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Shaderock v. Colvin

United States District Court, District of Columbia

October 20, 2016

CAROLYN W. COLVIN, Commissioner of Social Security Administration, Defendant.


          JAMES E. BOASBERG United States District Judge.

         Plaintiff Louis Shaderock obtained a fully favorable decision for Disability Insurance Benefits (DIB) and Supplemental Security Income (SSI) benefits. He now seeks attorney fees totaling $25, 009.62 pursuant to Section 406(b) of the Social Security Act. This amount, which represents 25% of his past-due benefits and is the maximum percentage allowable under the statute, is not opposed by the Government. Concluding that Plaintiff's contingent-fee agreement with his attorney is reasonable, the Court will grant his Motion and award Shaderock $21, 016.59, which equals the full sum requested minus a prior Equal Access to Justice Act (EAJA) award.

         I. Background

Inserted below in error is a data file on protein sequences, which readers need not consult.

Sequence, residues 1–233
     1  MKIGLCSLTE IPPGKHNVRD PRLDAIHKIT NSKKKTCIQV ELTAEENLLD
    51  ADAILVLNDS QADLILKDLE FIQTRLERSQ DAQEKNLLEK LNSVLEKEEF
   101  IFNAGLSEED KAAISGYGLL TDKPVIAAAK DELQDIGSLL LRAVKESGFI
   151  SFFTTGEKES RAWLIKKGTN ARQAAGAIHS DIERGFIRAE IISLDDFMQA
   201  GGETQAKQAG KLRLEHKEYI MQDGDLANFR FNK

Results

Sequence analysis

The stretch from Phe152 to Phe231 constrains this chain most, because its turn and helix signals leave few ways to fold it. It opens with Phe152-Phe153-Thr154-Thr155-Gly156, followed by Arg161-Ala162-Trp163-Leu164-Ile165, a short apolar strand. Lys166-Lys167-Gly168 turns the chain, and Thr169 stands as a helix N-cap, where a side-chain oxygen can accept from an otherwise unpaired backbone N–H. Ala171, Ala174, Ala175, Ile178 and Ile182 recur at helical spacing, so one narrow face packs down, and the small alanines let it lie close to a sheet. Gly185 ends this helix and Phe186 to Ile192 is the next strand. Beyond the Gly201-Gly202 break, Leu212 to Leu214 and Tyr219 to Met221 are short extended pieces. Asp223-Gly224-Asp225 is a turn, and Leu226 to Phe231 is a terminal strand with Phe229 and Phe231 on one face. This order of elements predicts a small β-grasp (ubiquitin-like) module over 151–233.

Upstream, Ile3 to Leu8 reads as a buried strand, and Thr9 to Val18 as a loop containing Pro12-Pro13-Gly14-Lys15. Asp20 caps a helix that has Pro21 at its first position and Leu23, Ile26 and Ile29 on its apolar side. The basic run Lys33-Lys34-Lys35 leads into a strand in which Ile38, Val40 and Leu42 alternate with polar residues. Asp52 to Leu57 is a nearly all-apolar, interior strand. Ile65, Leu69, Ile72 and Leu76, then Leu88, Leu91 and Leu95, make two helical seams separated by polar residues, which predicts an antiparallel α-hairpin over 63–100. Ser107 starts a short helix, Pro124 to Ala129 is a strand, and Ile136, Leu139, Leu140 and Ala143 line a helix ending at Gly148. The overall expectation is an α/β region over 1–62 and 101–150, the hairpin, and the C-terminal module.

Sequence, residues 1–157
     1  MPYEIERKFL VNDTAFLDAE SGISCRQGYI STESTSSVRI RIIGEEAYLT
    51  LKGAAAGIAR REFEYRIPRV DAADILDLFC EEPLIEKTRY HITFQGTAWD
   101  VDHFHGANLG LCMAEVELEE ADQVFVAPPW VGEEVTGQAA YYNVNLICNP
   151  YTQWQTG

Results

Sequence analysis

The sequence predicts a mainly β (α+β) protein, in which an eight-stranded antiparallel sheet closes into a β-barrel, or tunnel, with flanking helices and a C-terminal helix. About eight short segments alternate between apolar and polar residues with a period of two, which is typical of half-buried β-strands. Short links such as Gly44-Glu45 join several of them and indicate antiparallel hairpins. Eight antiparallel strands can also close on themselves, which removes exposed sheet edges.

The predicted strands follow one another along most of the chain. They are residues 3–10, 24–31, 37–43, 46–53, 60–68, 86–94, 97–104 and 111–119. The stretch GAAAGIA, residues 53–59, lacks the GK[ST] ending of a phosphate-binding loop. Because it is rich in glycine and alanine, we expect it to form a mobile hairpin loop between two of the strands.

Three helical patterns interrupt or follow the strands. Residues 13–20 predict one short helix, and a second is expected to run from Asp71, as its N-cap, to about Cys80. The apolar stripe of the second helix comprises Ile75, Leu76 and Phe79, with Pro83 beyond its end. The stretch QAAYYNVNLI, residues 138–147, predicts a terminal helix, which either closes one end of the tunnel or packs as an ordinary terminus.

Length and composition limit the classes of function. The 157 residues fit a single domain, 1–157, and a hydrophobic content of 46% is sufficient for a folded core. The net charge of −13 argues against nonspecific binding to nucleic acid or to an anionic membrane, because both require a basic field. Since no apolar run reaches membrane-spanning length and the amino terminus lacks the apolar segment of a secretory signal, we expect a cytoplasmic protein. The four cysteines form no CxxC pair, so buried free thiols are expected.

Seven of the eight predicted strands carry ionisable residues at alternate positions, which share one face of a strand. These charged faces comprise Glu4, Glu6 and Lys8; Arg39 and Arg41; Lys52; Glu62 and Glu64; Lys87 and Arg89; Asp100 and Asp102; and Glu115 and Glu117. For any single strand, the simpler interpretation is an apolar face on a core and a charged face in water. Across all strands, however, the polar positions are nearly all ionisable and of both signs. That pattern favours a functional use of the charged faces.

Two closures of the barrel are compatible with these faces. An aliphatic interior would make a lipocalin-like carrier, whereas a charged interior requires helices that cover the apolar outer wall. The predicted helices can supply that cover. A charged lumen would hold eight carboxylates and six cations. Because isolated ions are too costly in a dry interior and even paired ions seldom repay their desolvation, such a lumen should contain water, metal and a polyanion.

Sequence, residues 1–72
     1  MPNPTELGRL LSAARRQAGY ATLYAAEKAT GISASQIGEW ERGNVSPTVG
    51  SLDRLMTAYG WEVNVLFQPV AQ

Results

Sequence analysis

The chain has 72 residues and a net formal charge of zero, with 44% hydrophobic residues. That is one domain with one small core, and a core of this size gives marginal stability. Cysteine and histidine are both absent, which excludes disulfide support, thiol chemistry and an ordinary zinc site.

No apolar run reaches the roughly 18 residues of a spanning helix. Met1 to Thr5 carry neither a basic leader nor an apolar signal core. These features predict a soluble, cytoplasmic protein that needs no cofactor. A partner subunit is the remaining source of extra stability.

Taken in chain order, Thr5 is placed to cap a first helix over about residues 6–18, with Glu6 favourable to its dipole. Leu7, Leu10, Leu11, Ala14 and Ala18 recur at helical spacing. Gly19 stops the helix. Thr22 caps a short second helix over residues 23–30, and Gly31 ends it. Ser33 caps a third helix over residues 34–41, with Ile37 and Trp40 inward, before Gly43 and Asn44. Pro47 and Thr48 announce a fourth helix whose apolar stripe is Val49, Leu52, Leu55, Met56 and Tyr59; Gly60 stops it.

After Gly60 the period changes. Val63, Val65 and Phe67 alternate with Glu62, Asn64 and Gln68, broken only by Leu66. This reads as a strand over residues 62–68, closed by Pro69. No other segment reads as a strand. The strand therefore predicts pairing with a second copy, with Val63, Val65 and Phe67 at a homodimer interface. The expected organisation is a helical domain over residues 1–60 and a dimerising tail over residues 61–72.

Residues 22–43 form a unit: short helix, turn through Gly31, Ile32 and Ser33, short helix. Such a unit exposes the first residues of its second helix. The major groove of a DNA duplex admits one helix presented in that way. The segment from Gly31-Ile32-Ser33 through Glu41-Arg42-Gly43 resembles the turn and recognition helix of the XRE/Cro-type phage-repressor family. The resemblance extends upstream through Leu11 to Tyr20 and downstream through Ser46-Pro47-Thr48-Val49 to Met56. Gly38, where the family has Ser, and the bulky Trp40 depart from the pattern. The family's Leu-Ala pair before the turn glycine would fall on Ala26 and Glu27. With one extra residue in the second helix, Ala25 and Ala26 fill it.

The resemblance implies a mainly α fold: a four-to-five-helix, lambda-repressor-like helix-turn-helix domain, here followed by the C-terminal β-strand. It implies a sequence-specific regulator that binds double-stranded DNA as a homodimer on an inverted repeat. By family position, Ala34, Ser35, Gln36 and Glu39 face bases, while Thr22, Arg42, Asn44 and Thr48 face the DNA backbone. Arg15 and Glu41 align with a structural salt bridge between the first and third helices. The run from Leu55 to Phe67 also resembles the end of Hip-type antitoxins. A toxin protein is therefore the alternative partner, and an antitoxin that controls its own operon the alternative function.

In April 2004, Plaintiff filed for DIB and SSI benefits, but his initial application and reconsideration were both denied. See ECF No. 23-2 (Motion) at 1. An Administrative Law Judge denied his claim on appeal in 2009, and the Appeals Council affirmed that decision in 2011. Id. Shaderock then filed this action in 2012 and retained counsel in 2013 under a contingency-fee agreement that entitled counsel to 25% of any recovered benefits. See Mot. at 1; ECF Nos. 1 (Complaint), 23-7 (Fee Agreement). After a review on the merits, this Court remanded the matter for further administrative proceedings, see ECF No. 17, and subsequently awarded Plaintiff $5, 721.03 in attorney fees under EAJA, 28 U.S.C. § 2412. See ECF No. 19 (Order). Counsel, however, only received $3, 993.03 of this amount due to a deduction taken from that award for a debt owed by Plaintiff. See ECF No. 23-5 (Offset Notice). On January 7, 2016, Shaderock received a Fully Favorable Decision for his past-due and continued benefits. See ECF No. 23-3 (Fully Favorable Decision). The Government issued a Notice of Award for his DIB claim on February 16, 2016, and for his SSI claim on May 2, 2016. See ECF Nos. 23-4 (DIB Notice of Award), 23-6 (SSI Notice of Award). Plaintiff now files a Motion for Attorney Fees under 42 U.S.C. § 406(b) to request $25, 009.62 - 25% of his past-due benefits.